Grandma sub­mits her bill

Los Angeles Times - - COMICS - Send ques­tions to Amy Dickinson by email to askamy@amy­dick­in­son.com.

Dear Amy: I sent a check for $300 to my mother to cover my daugh­ter’s ex­penses dur­ing her visit. Upon my daugh­ter’s re­turn, my mother sent me an in­voice for $475.50 for ad­di­tional ex­penses, in­clud­ing the cost of gas to and from the air­port to trans­port her (45 min­utes away), train tick­ets to go to the city to a mu­seum, and the cost of the mu­seum ad­mis­sion. It was an item­ized bill.

This is hurt­ful, as this past win­ter my mother came to live with us for four months and we paid for ev­ery­thing, in­clud­ing a nice va­ca­tion to an is­land over Christ­mas.

How do I ad­dress her be­hav­ior? I am hurt and an­gry by her de­ci­sion to charge me for gas to pick up her grand­daugh­ter from the air­port as well as the other ex­penses. My mother is a sin­gle wo­man (a re­tired col­lege pro­fes­sor), and we have never asked her to pay for any­thing. We even write her a check for gro­ceries when she hosts Thanks­giv­ing din­ner.

Now I feel she has taken ad­van­tage of my gen­eros­ity and I don’t trust her to spend time with my daugh­ter be­cause it is just too costly for me (fi­nan­cially and emo­tion­ally). — Burned by Grandma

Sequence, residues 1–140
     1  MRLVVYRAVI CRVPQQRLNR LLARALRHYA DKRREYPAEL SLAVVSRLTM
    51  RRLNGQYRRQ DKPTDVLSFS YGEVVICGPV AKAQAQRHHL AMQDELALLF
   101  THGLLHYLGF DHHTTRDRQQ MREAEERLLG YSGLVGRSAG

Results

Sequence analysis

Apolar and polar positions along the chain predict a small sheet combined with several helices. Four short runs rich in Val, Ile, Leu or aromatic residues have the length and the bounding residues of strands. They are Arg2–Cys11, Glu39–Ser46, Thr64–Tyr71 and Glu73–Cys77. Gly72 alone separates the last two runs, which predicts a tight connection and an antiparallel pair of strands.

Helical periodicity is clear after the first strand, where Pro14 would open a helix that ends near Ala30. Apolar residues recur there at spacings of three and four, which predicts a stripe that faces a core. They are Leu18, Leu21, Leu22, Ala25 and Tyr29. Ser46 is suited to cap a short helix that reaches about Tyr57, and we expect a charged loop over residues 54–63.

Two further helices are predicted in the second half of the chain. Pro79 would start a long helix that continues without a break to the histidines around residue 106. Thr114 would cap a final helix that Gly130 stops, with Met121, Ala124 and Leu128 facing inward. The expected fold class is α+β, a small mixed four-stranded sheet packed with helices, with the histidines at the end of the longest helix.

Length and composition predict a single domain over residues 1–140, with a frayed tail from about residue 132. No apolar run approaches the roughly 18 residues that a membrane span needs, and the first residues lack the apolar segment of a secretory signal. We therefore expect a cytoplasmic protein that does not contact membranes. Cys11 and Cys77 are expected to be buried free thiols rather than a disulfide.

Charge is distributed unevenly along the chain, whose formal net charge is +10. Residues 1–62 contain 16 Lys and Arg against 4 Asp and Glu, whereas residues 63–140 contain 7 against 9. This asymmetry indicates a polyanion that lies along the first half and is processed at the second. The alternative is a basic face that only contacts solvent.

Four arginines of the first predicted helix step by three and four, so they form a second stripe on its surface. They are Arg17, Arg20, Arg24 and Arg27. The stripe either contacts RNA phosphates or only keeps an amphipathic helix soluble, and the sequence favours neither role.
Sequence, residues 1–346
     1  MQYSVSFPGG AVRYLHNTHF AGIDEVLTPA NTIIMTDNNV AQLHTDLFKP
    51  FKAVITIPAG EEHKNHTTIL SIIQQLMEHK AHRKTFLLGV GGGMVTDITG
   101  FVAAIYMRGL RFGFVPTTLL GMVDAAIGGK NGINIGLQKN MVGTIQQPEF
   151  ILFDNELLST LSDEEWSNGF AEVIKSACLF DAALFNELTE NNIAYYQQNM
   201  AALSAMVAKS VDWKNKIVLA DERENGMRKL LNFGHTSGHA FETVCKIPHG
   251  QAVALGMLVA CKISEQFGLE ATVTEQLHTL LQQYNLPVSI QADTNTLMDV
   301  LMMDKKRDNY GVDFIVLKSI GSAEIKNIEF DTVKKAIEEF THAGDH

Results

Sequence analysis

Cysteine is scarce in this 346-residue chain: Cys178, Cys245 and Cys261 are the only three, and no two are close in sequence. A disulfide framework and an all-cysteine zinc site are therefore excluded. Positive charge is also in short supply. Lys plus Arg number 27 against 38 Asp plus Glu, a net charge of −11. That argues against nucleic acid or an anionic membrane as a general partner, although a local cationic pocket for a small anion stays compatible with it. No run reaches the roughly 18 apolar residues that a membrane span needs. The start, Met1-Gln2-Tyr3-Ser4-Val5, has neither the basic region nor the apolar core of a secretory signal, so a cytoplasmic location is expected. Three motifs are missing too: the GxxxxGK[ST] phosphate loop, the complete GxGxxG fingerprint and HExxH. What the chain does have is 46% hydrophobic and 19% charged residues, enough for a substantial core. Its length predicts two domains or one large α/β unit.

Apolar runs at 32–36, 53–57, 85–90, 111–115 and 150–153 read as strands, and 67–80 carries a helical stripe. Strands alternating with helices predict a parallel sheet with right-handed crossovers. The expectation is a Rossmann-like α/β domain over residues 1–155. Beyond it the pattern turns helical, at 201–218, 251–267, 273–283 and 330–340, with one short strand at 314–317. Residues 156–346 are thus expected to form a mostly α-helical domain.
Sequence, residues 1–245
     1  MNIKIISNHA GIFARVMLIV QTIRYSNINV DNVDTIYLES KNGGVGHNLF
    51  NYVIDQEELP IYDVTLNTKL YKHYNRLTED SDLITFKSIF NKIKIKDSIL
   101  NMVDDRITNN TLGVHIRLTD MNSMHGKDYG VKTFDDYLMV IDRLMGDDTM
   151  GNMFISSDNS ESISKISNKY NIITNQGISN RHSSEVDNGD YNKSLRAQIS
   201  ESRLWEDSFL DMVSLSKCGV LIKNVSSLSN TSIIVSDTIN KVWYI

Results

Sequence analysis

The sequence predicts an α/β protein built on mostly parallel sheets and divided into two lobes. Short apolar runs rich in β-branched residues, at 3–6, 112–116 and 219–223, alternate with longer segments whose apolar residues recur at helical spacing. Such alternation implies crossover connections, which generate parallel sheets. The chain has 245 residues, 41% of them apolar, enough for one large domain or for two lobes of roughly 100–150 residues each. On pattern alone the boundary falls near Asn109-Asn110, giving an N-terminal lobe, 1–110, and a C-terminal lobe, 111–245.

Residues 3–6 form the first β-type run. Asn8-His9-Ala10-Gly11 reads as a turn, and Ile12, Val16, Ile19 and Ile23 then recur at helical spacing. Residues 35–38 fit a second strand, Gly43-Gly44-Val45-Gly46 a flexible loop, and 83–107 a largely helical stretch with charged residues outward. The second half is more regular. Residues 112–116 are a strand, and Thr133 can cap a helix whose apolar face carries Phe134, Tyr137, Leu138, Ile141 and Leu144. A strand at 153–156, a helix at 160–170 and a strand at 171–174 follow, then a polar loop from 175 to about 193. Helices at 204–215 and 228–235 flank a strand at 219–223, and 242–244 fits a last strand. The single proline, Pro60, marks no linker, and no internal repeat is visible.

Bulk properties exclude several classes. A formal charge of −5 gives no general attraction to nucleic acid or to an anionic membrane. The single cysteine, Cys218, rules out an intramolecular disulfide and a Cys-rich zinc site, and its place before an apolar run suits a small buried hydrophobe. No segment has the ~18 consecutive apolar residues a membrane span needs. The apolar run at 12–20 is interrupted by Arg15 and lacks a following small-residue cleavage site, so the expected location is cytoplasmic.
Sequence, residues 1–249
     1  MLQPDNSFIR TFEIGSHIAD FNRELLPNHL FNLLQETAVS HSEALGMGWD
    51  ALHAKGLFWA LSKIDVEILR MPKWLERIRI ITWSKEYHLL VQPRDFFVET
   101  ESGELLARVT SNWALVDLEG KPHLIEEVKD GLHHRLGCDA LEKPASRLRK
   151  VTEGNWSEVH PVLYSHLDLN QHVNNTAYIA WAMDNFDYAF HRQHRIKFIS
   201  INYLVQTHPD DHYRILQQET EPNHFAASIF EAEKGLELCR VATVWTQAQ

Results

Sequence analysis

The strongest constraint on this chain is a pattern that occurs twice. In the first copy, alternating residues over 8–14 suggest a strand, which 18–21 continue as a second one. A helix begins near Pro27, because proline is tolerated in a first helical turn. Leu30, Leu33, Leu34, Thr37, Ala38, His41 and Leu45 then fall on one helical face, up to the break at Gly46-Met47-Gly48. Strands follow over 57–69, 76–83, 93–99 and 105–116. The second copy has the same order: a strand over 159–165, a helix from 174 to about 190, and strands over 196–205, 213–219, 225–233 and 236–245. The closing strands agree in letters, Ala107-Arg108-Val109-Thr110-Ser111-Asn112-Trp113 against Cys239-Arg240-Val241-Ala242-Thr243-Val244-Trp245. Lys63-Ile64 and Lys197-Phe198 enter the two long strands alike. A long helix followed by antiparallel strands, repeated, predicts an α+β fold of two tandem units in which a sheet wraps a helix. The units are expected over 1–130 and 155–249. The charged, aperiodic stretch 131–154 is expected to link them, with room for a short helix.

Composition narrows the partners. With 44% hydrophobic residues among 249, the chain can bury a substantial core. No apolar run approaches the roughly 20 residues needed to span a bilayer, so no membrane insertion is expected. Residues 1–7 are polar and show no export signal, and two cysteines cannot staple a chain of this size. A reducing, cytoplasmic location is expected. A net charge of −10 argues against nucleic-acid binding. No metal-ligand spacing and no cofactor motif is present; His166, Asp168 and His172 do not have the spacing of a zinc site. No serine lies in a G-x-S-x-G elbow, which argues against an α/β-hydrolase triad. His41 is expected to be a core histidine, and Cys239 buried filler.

Dear Burned: You are go­ing to have to ex­press your con­cern di­rectly to your mother. Your daugh­ter’s trip to see Grammy has cost you (I’m es­ti­mat­ing) around $1,000, with plane tick­ets, plus the in­voiced ex­penses in­curred while she was there.

Is your mother fi­nan­cially in­se­cure? Is she wor­ried about main­tain­ing her own life­style in re­tire­ment? These are le­git­i­mate con­cerns.

But is there a le­git­i­mate rea­son she couldn’t stay within the rea­son­able $300 bud­get, spend­ing over twice that amount? Is this item­ized bill her pas­sive-ag­gres­sive way of telling you that she doesn’t ac­tu­ally want to host your daugh­ter for such a long visit?

Af­ter you com­mu­ni­cate your ques­tions and con­cerns to your mother, you will have to make the tough de­ci­sion about fu­ture vis­its. Be­cause your mother seems to com­mu­ni­cate through mon­e­tiz­ing re­la­tion­ships, you’ll sim­ply have to de­cide whether this re­la­tion­ship be­tween grand­mother and grand­daugh­ter is one you can af­ford to foster.

Dear Amy: I had six sis­ters. Now I have only two, but I have been blessed to have my sis­ters and the love and the bond that we share.

I have a cou­ple of friends who were only chil­dren. Re­cently, they have told me that, “I am the sis­ter they never had.”

To­day I had a text from one of my friends who ad­dressed me: “To my sis­ter from an­other mother.”

I love these friends, but I have sis­ters. What can I say that is not hurt­ful and will show my love for them? Should I pre­tend that I love them like a sis­ter? — Not a Sis­ter

Dear Not a Sis­ter: You don’t have to pre­tend any­thing. You only have to re­spond with kind­ness and gen­eros­ity to an ex­tremely kind ex­pres­sion of friend­ship and in­ti­macy.

Peo­ple en­joy fel­low­ship and kin­ship in a va­ri­ety of ways. You seem con­fused — or even a lit­tle of­fended — by these sis­terly ex­pres­sions. In­stead you should cel­e­brate the bounty these friend­ships of­fer, and let these women feel their own feel­ings and ex­press their af­fec­tion how­ever they choose. You are all quite lucky.

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